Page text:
Eligible article screening
We performed a literature search and screened the retrieved articles as per the PRISMA (preferred reporting items for systematic reviews and meta-analyses) guidelines . Selection criteria included duplicated articles; data from animal or cell experiments; meeting abstract or meta-analysis; review, trials or case reports; data of GSTP1 expression; not SCC or GSTP1; lack confirmed histopathological data; combined GA + AA genotype frequency; without the control data; and P value of HWE (Hardy-Weinberg equilibrium) less than 0.05. Eligible case-control studies provided sufficient genotype frequency data of the GSTP1 gene rs1695 polymorphism in each case and control group.
Two investigators independently extracted the data and evaluated the methodological quality of each article by means of the NOS (Newcastle-Ottawa Scale) system. One table contains the following basic information: first author, publication year, region, race, genotyping assay, genotype frequency, disease type, control source, P values of HWE, study number, and sample size of the case/control.
We utilized STATA software (StataCorp LP, College Station, TX, USA) for the following statistical analyses. The allele (allele G vs. A), carrier (carrier G vs. A), homozygote (GG vs. AA), heterozygote (AG vs. AA), dominant (AG + GG vs. AA), and recessive (GG vs. AA+AG) models were utilized to target the GSTP1 gene rs1695 G/A polymorphism. We calculated the OR (odds ratio), 95% CIs (confidence intervals) and Pa (P value of association test) values to estimate the association. When the Ph (P value of heterogeneity) was > 0.1 or I2 was < 50.0%, a fixed-effects model was adopted. Otherwise, a random-effects model was selected.
Considering the factors of race, genotyping assay, control source, and disease type, we performed the corresponding subgroup meta-analyses. We also carried out Egger’s/Begg’s tests to determine a potential publication bias. The presence of a publication bias was considered when PE (P value of Egger’s test) and PB (P value of Begg’s test) were below 0.05. Sensitivity analysis was applied to assess data stability and robustness.
Article retrieval and screening
The article retrieval and selection processes during our meta-analysis were conducted as described in the flow chart shown in Fig. 1. After our literature search, a total of 497 articles were obtained. Then, 168 articles with duplicated data and 214 articles meeting the exclusion criteria were excluded. Next, we assessed the eligibility of the remaining 115 full-text articles. After the exclusion of 68 ineligible articles, a total of 47 articles containing 52 case-control studies [14,15,16, 20,21,22,23,24,25,26,27,28,29,30,31,32,33,34,35,36,37,38,39,40,41,42,43,44,45,46,47,48,49,50,51,52,53,54,55,56,57,58,59,60,61,62,63] were ultimately recruited for our meta-analysis. Table 1 summarizes the extracted basic information.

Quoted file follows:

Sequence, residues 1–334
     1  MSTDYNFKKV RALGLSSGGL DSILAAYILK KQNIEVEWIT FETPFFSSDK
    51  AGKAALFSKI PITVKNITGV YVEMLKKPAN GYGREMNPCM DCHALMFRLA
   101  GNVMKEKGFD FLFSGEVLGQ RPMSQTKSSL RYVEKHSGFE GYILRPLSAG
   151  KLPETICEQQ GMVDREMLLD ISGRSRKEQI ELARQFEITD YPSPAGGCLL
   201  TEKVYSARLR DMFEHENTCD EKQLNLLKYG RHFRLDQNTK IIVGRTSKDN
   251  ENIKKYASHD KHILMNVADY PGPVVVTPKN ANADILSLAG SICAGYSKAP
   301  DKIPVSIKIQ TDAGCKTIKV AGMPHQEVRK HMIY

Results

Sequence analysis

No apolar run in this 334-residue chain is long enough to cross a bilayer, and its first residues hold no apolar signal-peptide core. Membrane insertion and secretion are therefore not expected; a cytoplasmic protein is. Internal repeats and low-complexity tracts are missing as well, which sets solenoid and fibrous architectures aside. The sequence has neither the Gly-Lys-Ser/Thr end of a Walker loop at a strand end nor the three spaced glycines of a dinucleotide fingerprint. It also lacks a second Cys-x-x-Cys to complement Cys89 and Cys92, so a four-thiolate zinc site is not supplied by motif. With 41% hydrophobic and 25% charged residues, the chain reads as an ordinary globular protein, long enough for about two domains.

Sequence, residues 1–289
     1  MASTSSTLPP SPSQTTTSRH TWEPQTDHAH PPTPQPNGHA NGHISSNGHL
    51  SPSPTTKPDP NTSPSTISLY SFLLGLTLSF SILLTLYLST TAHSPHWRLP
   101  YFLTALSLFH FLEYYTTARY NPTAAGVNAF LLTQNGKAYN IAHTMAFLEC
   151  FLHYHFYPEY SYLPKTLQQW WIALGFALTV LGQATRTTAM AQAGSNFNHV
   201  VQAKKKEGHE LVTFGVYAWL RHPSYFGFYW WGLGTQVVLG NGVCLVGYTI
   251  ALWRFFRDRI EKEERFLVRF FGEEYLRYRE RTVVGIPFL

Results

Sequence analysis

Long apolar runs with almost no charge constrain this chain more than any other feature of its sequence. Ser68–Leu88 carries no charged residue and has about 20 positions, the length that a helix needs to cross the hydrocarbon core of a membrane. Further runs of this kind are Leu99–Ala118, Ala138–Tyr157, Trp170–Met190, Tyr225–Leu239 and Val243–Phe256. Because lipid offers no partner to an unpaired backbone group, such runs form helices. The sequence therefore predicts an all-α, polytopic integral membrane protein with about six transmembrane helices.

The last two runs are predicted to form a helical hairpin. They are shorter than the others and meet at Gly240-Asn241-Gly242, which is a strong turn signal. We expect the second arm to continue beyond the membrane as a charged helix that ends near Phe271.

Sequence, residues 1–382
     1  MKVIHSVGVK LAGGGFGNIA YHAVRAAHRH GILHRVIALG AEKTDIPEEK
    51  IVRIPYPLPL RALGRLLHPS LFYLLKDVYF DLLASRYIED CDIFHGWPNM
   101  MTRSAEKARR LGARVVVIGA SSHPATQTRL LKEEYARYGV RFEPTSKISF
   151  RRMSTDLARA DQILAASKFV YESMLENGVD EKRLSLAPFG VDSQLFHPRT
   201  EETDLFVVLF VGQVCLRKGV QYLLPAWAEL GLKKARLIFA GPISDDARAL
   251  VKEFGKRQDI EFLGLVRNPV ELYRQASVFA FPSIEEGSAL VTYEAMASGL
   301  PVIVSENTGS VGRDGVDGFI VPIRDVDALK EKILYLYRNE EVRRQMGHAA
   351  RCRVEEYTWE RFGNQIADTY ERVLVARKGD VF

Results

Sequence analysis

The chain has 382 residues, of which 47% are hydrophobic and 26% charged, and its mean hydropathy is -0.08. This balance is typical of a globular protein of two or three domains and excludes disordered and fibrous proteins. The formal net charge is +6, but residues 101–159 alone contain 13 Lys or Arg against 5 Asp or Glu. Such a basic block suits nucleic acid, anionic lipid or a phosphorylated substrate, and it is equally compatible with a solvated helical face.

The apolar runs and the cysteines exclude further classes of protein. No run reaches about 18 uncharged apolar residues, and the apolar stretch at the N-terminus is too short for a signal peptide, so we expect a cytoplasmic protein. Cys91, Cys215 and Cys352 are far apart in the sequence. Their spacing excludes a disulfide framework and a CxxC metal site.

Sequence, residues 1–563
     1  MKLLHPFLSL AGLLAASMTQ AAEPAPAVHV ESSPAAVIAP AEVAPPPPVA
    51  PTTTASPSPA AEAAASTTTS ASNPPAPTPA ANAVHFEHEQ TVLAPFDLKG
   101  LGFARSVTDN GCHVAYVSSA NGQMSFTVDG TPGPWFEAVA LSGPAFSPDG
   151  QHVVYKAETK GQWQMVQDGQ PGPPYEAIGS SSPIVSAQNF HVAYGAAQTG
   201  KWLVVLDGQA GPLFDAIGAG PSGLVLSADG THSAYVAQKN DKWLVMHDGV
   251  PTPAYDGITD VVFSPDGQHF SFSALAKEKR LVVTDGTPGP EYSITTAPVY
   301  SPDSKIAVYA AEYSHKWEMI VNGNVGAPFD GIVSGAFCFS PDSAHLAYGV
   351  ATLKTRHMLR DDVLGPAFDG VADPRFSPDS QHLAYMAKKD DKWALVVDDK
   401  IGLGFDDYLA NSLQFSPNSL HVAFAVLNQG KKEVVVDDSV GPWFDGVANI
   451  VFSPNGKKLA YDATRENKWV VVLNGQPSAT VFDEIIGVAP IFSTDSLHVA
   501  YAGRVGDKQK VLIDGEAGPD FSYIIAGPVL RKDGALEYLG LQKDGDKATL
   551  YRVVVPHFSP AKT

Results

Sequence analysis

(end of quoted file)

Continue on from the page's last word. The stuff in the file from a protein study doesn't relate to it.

First, we performed the overall meta-analysis, which included 52 case-control studies with 9763 cases and 15,028 controls (Table 2). The fixed-effects model was applied in all meta-analyses, because no substantial between-study heterogeneity was detected [Table 2, I2 value < 50.0%, Ph > 0.1]. As shown in Table 2, no altered susceptibility to SCC disease in cases was observed compared with controls [allele, Pa = 0.601; carrier, Pa = 0.587; homozygote, Pa = 0.689; heterozygote, Pa = 0.167; dominant, Pa = 0.289; dominant, Pa = 0.548]. These data suggest that the rs1695 polymorphism within the GSTP1 gene does not contribute to the risk of overall SCC.
Next, we performed additional subgroup meta-analyses according to the factors of race (Asian/Caucasian), genotyping assay (PCR-RFLP), control source (PB/HB), and disease type (ESCC/HNSCC/LSCC/SSCC). As shown in Tables 3 and 4, there were no significant associations in any subgroup analysis for all genetic models tested (all Pa > 0.05). The forest plot of the subgroup analysis by disease type under the allele model is shown in Fig. 2.
Furthermore, we included all case-controls studies regarding the specific SCC type and conducted a series of subgroup analyses by race and control source. However, similar results were obtained (data not shown). As a result, the GSTP1 gene rs1695 polymorphism is not likely related to the genetic susceptibility of a specific SCC type, including ESCC, HNSCC, LSCC, and SSCC.
Publication bias and sensitivity analysis
The publication bias analysis data obtained from Egger’s and Begg’s tests are shown in Table 2. There was no remarkable publication bias in most genetic models (PE > 0.05, PB > 0.05), except for the heterozygote (PE = 0.022, PB = 0.049) and dominant (PE = 0.036) models. The funnel plot (allele model) is displayed in Fig. 3a-b. Moreover, our sensitivity analysis led us to consider the stability of the data. Figure 4 shows a representative example of the sensitivity analysis (allele model).
In the current meta-analysis, we first focused on the genetic relationship between the GSTP1 rs1695 A/G polymorphism and the risk of overall SCC and then conducted subgroup analyses by the specific histological status. After rigorous screening, four main types of SCC, namely, ESCC, HNSCC, ESCC, and SSCC, were targeted.